FIG. 2H illustrates an embodiment of a method for forming the FinFET from FIG. 2G at another particular point in a semiconductor fabrication sequence. FIG. 2H, illustrates the formation of the gate and the gate dielectric in the PMOS and NMOS FinFET structures, e.g., 200 and 201 respectively. To form the gate dielectric 246, the nitride hard mask layer 222 is removed from the Fins of the PMOS and NMOS FinFET structures, e.g., 200 and 201. In FIG. 2H, a gate dielectric 246, e.g., SiO2, can be thermally grown on the layer of silicon (Si) 244 that was formed on the sidewalls 207 of the NMOS FinFET 201 and the layer of germanium (Ge) 240 and the layer of silicon (Si) 244 on the sidewalls 207 of the PMOS FinFET 200. The structures can then be patterned and masked to form gates 250 over the gate dielectric layer 246. In one or more embodiments, the gate is formed of polysilicon, e.g., through CVD, PVD, or other suitable technique. As shown in the embodiment of FIG. 2H, the gate 250 is formed so that it straddles the sidewalls 207 of the body regions which will serve as the conduction channels for the PMOS and NMOS FinFET devices.

FIG. 2I illustrates an embodiment of a method for forming the FinFET from FIG. 2H at another particular point in a semiconductor fabrication sequence. In FIG. 2I the drawing shown in FIG. 2H has been rotated to illustrates a cross sectional view of both a PMOS FinFET device, e.g., 200, and an NMOS FinFET device, e.g., 201. FIG. 2I thus enables illustration of one or more embodiments in which source/drain extensions (SDEs), e.g., 254 for the NMOS FinFET structure 201 and 256 for the PMOS FinFET structure 200, may be formed at opposite ends of the gates 250. To form the SDEs 254 and 256, the nitride hard mask layer 222 and the oxide hard mask layer 220 are removed to expose a source region and a drain region to the silicon germanium (SiGe) Fins 206. The SDEs 254 and 256 may be formed by lightly doping an area below the surface of the exposed source and drain regions of the silicon germanium (SiGe) Fins 206. In one or more embodiments, the SDE implantation for the NMOS FinFET 201 structure can include doping SDE regions 254 with an n-type dopant such as arsenic (As) or phosphorous (P) using an ion implantation at a dose of approximately 5×1014 atoms/cm2 to form an n-type doping concentration of approximately 2×1019 atoms/cm3 to a depth of approximately 25 nm. The SDE implantation for the PMOS FinFET structure 200 can include doping SDE 256 with a p-type dopant such as boron (B) using an ion implantation at a dose of approximately 5×1014 atoms/cm2 to form an p-type doping concentration of approximately 2×1019 atoms/cm3 to a depth of approximately 25 nm.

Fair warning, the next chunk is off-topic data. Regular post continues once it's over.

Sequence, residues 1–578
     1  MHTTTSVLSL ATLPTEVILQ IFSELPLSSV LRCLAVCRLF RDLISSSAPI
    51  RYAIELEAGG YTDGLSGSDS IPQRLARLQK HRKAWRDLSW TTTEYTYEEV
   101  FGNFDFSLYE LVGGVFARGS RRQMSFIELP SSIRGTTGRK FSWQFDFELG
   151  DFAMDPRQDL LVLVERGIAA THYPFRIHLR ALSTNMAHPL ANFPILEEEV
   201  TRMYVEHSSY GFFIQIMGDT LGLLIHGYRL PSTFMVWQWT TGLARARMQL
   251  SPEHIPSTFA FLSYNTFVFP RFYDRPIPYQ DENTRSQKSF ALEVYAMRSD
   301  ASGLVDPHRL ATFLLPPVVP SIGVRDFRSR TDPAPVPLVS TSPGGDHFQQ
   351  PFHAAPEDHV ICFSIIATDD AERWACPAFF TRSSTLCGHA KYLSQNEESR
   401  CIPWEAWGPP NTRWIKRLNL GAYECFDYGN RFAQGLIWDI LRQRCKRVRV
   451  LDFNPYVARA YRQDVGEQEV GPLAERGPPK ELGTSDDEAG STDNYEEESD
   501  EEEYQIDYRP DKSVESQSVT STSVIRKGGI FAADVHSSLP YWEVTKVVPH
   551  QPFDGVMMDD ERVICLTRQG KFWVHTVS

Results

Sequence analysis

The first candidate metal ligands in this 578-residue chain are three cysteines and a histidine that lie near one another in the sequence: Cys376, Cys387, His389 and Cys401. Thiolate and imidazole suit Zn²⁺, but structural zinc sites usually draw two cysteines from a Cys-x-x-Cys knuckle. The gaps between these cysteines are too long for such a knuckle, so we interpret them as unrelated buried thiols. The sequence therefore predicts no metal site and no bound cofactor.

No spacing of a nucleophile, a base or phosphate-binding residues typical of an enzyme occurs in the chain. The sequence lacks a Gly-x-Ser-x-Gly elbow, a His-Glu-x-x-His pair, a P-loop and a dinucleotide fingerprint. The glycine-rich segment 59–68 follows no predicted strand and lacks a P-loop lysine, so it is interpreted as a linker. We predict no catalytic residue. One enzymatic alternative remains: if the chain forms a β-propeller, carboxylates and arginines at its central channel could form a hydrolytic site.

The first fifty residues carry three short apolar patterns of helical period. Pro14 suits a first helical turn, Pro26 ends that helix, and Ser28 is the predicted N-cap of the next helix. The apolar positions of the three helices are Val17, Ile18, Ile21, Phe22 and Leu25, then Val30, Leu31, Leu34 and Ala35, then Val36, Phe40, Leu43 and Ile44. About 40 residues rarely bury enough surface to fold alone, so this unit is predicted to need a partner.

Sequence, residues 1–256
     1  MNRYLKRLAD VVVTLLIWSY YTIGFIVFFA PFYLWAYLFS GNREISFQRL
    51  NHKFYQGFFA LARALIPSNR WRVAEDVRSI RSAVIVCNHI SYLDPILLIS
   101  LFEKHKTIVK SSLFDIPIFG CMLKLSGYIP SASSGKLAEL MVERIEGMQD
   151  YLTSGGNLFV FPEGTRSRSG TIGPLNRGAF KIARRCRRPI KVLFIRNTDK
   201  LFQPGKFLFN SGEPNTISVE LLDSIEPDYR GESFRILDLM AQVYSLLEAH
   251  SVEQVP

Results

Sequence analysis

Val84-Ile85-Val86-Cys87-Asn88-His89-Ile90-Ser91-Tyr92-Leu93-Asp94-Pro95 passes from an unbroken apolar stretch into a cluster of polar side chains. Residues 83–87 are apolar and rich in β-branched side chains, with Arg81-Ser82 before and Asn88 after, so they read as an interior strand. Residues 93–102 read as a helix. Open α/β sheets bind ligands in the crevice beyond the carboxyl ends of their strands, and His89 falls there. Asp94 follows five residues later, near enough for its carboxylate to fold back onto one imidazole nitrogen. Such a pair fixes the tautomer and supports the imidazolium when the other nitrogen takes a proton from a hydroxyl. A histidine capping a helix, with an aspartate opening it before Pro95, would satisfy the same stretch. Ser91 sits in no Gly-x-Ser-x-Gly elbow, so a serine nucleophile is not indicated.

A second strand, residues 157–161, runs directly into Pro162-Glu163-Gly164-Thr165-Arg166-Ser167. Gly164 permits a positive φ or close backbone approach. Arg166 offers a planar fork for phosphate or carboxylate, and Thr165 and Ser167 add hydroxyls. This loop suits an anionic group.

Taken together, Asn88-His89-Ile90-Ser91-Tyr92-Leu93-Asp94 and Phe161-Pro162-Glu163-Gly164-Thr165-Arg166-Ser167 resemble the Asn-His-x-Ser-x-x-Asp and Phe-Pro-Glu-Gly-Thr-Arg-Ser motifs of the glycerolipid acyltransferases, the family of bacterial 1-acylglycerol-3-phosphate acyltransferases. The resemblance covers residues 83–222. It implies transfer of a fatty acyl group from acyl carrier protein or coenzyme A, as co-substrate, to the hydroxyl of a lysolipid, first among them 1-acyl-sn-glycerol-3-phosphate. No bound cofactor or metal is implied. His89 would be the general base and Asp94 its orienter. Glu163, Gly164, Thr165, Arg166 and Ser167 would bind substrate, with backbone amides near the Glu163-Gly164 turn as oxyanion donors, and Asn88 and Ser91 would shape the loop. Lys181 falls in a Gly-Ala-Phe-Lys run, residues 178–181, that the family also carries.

In one or more embodiments, a halo implantation can then be performed to create halo regions, e.g., 258 for the NMOS FinFET structure 201 and 260 for the PMOS FinFET structure, surrounding the SDEs 254 and 256 to the silicon germanium (SiGe) Fins 206. In one or more embodiments, the halo implantation for the NMOS FinFET structure 201 can include doping halo regions 258 with a p-type dopant such as boron (B) using an ion implantation at a dose of approximately 5×1013 atoms/cm2 to form an p-type doping concentration of approximately 2×1018 atoms/cm3 to a depth of approximately 35 nm. In one or more embodiments, the halo implantation for the PMOS FinFET structure 200 can include doping halo regions 260 with an n-type dopant such as arsenic (As) or phosphorous (P) using an ion implantation at a dose of approximately 5×1013 atoms/cm2 to form an n-type doping concentration of approximately 2×1018 atoms/cm3 to a depth of approximately 35 nm.